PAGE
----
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J Chiropr Med. 2006 Autumn;5(3):92-6. doi: 10.1016/S0899-3467(07)60140-2.

A manual therapy and exercise approach to meralgia paresthetica in pregnancy: a case report.

Author information

  • 1Department of Obstetrics and Gynecology, Washington University School of Medicine, St. Louis, MO; Division of Research, Logan College of Chiropractic, St. Louis, MO.

Abstract

OBJECTIVE:

To present a case of a pregnant patient with meralgia paresthetica who improved using manual therapy and exercise procedures.

CLINICAL FEATURES:

A 22-year-old patient in the sixteenth week of pregnancy had low back pain, bilateral anterolateral thigh paresthesia and groin pain for a duration of 1 month. She had no motor deficits in either lower extremity and her reflexes were intact. As a standard clinic procedure, a battery of functional tests were performed including: active straight leg raise, long dorsal ligament test, and the pelvic pain provocation procedure. Based on her clinical history and physical responses to the aforementioned functional tests, the diagnosis of meralgia paresthetica was deduced.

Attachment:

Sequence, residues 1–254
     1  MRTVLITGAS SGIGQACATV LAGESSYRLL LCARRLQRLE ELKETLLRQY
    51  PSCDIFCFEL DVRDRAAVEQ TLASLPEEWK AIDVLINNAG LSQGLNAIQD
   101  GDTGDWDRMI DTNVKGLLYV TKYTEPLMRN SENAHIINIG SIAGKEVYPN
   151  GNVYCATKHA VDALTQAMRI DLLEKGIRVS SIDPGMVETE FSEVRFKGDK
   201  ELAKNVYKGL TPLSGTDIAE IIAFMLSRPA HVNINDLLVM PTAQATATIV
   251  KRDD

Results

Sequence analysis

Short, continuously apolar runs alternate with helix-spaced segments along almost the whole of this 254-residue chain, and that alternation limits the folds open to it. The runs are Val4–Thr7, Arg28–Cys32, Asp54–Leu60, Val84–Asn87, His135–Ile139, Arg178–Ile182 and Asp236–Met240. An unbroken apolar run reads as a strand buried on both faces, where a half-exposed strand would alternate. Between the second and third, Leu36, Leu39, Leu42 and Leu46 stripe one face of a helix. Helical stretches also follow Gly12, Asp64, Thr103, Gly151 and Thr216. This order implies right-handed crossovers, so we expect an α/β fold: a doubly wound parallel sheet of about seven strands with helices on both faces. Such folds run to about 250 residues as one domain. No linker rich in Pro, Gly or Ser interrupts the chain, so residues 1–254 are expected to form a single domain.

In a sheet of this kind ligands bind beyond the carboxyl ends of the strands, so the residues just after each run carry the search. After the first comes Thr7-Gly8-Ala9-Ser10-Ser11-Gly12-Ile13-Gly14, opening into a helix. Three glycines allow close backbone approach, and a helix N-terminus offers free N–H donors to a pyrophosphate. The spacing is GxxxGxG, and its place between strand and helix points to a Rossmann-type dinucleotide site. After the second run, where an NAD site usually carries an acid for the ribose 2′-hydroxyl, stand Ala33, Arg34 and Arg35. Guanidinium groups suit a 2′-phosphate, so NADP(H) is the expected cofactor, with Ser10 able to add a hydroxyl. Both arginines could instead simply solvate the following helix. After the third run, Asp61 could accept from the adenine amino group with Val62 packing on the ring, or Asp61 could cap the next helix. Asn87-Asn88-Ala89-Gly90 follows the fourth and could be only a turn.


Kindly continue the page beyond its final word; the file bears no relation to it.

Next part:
INTERVENTION AND OUTCOME:

Treatment was provided at 6 visits over a 6-week period where the patient underwent evaluation, manual intervention, and exercise prescription. Active Release Technique (ART) was performed to the restricted right sacroiliac (SIJ) complex and quadratus lumborum muscles. ART and post-isometric relaxation were applied to the illiopsoas muscles. The home exercise program consisted of pelvic/low back mobility, stabilization and relaxation exercises. After 6 treatments, the patient reported complete resolution of low back pain and left lower extremity symptoms and a 90% improvement in the right thigh symptoms. At her one-year follow-up, the patient reported no further complications and the absence of pain.

CONCLUSIONS:

Manual therapy and exercises may serve as an effective treatment protocol for pregnant patients experiencing low back pain complicated by paresthesia. Because these conservative procedures offer a low-risk intervention, additional clinical studies are warranted to further study this treatment.

PMID:
19674679
[PubMed]
PMCID:
PMC2647064
Free PMC Article
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